After the lecture the museum director announced that Hammond and Scull would be in the lobby to take questions, rather than remain at the podium in the hall. When we (my daughter Milady had come along) got up to the lobby, we found a table had been set up, and Hammond and Scull were seated before a long line of autograph-seekers with their armloads of H&S books. The two authors looked exhausted at the prospect of the coming hour, and professionally flexed their fingers and readied their pens. I had hoped to chat them up just a bit, after following their careers and work for so many decades, but that was not to be. The museum director mentioned to me in passing that he had decided against an open question-and-answer session, fearing that a very high percentage of the questions would be, to put it politely, so simple, misdirected, or foolish as to be a waste of H&S's time. I had no idea how right he was; the audience looked to me like a classic bunch of Tolkien fans with a decent knowledge of stuff. But on the other hand, a lady nearby told me she'd hoped to have her question answered as to whether Gollum was based on the Jewish legendary creature, the Golem. I suggested it was an unintentional overlap of sounds, and she was surprised to learn that Gollum's name was based on his gulping reflex and was not, actually, spelled Golum - she'd never seen it, only heard it. So there's that.

I am very glad to have gone, and even gladder that I'll get one or two more chances to return and give everything another few hours of study. The New York Tolkien Symposium is being held at the Morgan in mid-March, and some folks here have proposed getting together at the exhibit in April, which I hope I can join in on. I do advise anyone who can, to get to the exhibit. It shows a side of Tolkien's work that just isn't the same reading about it or looking at reproductions and photos. To a certain degree, one feels him in the room, peering with you at some just-finished, gorgeous, meticulous, picture, and thinking "not good enough, really, but it's time for bed after all."



squire online:
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hanne
Lorien

Feb 1, 11:18pm

Post #2 of 10 (613 views)
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Wow! Thank you thank you [In reply to] Can't Post

Thank you so much for taking the time to write all these lovely details for the rest of us. It sounds so so wonderful!
Of course rushed immediately to my copy of the Sil which has the Taniquetil painting for the cover to look for the two cities and the second ship. How truly wonderful. Thank you again.



grammaboodawg
Immortal


Feb 2, 1:20am

Post #3 of 10 (609 views)
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*mods up* I'm so happy you made it there [In reply to] Can't Post

With your depth of knowledge and devotion to Tolkien's work, I'm so very glad you were able to experience his work first-hand.... and to hear Hammond and Scull. Not meaning this to sound like a cliché... it hard to describe the emotional connection to seeing his work in reality... in his presence, in a way.

I gasped when you said , "To a certain degree, one feels him in the room, peering... " That's exactly what I felt on the 2 occasions I was able to see his work first hand. And you're so right about the detail! I saw some of his maps at the Field Museum in Chicago 2007. Then some of his work (including a hand-written menu) at the NYC Lincoln Center Original Manuscripts from FotR exhibit. I, too, felt like I was sharing these discoveries with him there. I didn't want to leave and wished I could have lingered longer without the press of people who also wanted to get in there.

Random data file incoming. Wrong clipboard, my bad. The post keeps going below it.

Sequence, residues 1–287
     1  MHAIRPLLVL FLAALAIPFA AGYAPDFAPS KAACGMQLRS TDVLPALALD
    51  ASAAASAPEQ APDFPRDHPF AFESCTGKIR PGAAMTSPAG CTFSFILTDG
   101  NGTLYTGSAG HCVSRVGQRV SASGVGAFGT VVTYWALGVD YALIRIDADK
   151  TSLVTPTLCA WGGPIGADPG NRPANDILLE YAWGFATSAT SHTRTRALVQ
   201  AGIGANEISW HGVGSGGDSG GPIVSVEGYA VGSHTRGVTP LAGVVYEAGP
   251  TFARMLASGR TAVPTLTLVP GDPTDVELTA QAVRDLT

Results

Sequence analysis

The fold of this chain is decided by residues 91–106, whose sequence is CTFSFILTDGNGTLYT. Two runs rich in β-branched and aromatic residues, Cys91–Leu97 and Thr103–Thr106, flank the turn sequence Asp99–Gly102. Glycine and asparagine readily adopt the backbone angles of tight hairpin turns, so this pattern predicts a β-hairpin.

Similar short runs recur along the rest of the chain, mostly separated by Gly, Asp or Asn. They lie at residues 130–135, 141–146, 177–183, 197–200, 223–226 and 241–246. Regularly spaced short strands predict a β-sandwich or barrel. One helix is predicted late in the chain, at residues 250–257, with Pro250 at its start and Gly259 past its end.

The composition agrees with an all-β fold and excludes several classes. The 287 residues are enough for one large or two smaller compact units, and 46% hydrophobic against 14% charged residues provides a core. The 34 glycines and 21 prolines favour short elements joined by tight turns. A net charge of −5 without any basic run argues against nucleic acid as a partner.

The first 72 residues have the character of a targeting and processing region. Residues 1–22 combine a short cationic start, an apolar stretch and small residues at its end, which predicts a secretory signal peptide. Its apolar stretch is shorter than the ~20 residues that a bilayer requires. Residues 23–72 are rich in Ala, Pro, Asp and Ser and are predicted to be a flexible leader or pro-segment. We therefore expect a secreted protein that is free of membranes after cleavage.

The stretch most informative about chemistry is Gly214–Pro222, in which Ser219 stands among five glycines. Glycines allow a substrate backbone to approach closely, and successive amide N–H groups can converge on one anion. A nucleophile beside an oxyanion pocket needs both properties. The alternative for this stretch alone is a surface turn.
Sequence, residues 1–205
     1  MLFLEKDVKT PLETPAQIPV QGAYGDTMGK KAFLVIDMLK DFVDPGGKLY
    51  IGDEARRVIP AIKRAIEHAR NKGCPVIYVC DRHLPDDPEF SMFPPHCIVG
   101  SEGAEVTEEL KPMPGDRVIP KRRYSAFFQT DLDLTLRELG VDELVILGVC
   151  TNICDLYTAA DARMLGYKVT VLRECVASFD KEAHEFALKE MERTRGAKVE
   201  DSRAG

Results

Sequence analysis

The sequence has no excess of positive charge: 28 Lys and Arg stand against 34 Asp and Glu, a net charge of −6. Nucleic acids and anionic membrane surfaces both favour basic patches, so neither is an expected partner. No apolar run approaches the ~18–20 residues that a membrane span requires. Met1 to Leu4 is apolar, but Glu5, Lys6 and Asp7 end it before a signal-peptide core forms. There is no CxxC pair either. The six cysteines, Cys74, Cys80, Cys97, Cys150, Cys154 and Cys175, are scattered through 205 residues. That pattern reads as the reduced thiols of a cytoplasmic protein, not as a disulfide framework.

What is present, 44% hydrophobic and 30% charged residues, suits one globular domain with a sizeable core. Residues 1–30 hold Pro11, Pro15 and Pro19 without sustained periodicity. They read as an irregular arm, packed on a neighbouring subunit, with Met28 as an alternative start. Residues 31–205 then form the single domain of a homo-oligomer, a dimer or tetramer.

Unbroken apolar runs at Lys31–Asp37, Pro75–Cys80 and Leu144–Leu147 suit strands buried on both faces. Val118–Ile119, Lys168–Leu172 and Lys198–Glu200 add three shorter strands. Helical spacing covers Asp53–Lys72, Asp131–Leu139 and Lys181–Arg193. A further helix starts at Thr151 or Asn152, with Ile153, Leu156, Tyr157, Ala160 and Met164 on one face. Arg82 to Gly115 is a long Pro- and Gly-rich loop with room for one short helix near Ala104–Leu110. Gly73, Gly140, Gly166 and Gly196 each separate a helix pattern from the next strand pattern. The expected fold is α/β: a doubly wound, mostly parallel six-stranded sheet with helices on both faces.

There must be so much more you want to focus on to glean all of the intricate details of his sketches/paintings like you found in the Artist and Illustrator book. I immediately grabbed my copy off the shelf and my magnifying glass!

Thank you so much for this. I hope you make it back until your mind and heart are filled to the brim with the wonder :)




sample

We have been there and back again.


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dernwyn
Forum Admin / Moderator


Feb 2, 3:34am

Post #4 of 10 (607 views)
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Excellent! [In reply to] Can't Post

Thank you for this glimpse of the exhibit! There is nothing that can compare with standing right in front of something Tolkien has written or drawn, to give you a feeling of closeness to him.

I'm glad you finally saw and heard that great duo in person. They do complement one another well, don't they!

I am so looking forward to seeing these in April. Heart


~~~~~~~~~~~~~~~~~~~~~~~~~~~~~~

"I desired dragons with a profound desire"


N.E. Brigand
Half-elven


Feb 2, 4:12am

Post #5 of 10 (613 views)
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Photobucket has changes its mind? [In reply to] Can't Post

In light of I shall not say what (well, there is a connection to this, brother, and to the North), Tolkien's art was on my mind tonight, specifically as regards a question I asked here nine years ago. Logging into TORN, I get two pieces of good news: (1) there's a great new post by you on Tolkien's art; and (2) many months ago, Photobucket abandoned its "hostage" policy that had locked up the photos of millions at an exorbitant charge. That makes it possible for me to intelligibly ask:

This little fellow--who is he supposed to be?

Was any of Tolkien's "Father Christmas" art on display at the Morgan?


Treachery, treachery I fear; treachery of that miserable creature.

But so it must be. Let us remember that a traitor may betray himself and do good that he does not intend.